Because 21% of retractions are due to author error and not misconduct, the JAMA Network is hoping to minimize the stigma associated with retractions. Therefore, responses to editorial corrections and errors have been overhauled and basic protocols have been established. For minor errors in the text, the article ought to be corrected online, indicating the correction on both the HTML and PDF versions, and a correction notice is unnecessary. However, for more substantive errors, a correction notice is published, the article is corrected online for both the HTML and PDF versions, and the correction notice and corrected article are reciprocally linked. Finally, pervasive errors, inadvertent errors that require correcting important or numerous data throughout the text, may require either a retraction and replacement or simply a retraction. According to the new guidelines, a letter of explanation and a correction need to be published for articles with pervasive errors that do not affect the conclusions or interpretations, and have no statistically significant changes. However, a retraction and replacement is necessary for articles with valid science but with pervasive errors that change the direction, the significance of the results, and/or interpretations. The replacement article will retain the original DOI and any usage and citation metrics. Finally, a manuscript with pervasive errors that invalidate the science by changing the direction, the results, and/or the interpretations should be retracted.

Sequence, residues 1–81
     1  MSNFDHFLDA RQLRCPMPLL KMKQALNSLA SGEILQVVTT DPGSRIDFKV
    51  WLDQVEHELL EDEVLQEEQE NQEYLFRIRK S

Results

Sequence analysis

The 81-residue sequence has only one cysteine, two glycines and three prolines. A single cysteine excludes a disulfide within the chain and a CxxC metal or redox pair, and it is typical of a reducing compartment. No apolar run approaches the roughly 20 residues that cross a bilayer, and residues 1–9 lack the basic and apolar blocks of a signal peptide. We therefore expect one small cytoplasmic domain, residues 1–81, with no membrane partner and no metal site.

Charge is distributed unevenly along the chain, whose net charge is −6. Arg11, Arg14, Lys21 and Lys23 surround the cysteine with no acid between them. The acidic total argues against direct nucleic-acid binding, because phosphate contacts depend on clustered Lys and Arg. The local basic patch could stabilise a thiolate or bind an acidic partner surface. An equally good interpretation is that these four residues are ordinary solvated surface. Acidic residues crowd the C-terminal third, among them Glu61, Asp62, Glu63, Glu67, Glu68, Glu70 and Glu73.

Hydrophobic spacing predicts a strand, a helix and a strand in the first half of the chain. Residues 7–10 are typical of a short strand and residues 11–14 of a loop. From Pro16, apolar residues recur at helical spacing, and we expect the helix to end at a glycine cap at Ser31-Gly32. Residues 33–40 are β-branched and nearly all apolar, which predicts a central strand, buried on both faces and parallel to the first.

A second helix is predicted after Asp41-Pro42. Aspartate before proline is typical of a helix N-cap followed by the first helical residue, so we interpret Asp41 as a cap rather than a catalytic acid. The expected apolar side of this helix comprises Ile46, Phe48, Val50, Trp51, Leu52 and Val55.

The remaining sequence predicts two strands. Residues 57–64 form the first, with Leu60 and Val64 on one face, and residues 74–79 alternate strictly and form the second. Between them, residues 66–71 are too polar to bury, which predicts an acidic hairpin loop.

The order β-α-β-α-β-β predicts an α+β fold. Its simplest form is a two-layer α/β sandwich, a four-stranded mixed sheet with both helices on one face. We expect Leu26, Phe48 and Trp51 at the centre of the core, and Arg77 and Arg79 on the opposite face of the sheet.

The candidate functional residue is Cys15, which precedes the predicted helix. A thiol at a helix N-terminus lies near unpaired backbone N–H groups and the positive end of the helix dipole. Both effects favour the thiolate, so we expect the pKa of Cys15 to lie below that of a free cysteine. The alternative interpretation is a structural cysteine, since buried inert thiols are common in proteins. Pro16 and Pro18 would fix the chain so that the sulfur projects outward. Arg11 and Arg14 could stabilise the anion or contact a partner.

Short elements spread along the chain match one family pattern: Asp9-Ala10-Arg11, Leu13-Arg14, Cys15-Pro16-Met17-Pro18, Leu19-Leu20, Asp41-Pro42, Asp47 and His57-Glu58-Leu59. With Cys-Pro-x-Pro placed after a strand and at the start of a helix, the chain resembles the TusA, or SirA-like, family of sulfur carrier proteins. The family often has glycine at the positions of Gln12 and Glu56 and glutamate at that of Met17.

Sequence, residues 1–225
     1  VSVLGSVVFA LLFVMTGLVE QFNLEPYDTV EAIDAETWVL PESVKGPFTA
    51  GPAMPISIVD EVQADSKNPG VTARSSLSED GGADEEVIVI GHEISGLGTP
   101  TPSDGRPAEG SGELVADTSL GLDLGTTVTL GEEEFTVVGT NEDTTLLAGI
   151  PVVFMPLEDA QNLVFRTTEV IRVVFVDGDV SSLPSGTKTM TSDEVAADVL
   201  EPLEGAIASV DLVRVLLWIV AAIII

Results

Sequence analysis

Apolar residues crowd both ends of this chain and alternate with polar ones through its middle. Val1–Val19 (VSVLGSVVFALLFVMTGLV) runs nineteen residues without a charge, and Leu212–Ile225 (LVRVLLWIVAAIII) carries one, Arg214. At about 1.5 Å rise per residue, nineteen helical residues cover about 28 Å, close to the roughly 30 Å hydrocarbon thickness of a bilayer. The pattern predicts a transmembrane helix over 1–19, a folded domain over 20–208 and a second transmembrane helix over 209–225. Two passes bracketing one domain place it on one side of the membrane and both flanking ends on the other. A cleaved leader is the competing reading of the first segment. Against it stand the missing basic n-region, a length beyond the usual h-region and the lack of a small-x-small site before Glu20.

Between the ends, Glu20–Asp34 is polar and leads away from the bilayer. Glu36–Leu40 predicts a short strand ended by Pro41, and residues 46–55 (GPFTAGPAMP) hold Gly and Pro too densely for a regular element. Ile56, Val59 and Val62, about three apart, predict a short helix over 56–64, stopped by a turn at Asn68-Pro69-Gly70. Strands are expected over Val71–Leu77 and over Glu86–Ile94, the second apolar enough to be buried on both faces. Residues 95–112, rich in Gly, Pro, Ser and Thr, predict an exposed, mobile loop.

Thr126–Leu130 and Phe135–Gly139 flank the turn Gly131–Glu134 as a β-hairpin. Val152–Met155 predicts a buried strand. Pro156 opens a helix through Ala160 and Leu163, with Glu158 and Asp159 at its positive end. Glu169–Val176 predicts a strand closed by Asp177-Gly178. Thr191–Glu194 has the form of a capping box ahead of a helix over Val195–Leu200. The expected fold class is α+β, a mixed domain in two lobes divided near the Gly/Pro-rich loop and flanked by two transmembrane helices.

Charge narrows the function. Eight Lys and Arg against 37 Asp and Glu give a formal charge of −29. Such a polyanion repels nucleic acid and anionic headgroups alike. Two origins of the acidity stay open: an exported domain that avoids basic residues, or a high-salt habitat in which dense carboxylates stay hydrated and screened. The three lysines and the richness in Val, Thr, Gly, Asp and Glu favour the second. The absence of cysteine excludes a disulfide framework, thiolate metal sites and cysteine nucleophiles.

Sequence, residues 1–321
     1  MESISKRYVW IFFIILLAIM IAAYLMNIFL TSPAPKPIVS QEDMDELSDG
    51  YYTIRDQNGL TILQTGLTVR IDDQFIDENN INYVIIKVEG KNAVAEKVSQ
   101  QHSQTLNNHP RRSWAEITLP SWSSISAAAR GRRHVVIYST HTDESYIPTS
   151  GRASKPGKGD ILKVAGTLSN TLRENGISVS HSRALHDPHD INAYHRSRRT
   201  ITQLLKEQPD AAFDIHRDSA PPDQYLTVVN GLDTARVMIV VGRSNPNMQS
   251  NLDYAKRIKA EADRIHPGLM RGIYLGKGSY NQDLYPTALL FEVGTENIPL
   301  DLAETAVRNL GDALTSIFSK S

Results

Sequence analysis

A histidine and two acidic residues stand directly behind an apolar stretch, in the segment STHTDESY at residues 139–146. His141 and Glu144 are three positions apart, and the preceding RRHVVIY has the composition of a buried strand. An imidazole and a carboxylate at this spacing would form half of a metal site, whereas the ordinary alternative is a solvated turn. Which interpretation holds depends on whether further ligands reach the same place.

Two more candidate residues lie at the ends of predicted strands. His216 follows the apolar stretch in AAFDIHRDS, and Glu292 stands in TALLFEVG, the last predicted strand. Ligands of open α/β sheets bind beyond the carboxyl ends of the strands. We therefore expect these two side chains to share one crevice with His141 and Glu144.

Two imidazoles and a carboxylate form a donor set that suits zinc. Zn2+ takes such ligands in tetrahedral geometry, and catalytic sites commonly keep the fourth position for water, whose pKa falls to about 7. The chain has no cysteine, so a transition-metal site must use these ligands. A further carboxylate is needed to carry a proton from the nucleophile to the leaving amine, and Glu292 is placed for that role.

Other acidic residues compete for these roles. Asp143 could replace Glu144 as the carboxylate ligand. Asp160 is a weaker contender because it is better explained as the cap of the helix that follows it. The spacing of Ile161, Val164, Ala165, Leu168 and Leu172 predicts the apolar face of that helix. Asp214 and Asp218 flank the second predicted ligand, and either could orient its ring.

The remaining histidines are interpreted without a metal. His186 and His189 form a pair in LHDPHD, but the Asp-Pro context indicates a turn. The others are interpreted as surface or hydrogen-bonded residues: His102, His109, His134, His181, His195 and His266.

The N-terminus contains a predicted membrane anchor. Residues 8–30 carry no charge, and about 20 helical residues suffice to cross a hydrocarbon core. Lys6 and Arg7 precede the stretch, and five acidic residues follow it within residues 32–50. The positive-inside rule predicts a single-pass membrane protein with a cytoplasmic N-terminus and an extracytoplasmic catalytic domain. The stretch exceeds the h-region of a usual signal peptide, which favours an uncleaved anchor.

Updates in authorship include new definitions for contributors, authors, group authors, and collaborators. Interestingly, co-first authors and co-corresponding authors are now accepted. However, co-corresponding authors must designate one author as the primary point of contact. Information on co-first authors can be displayed in the Acknowledgments section before the list of author contributions.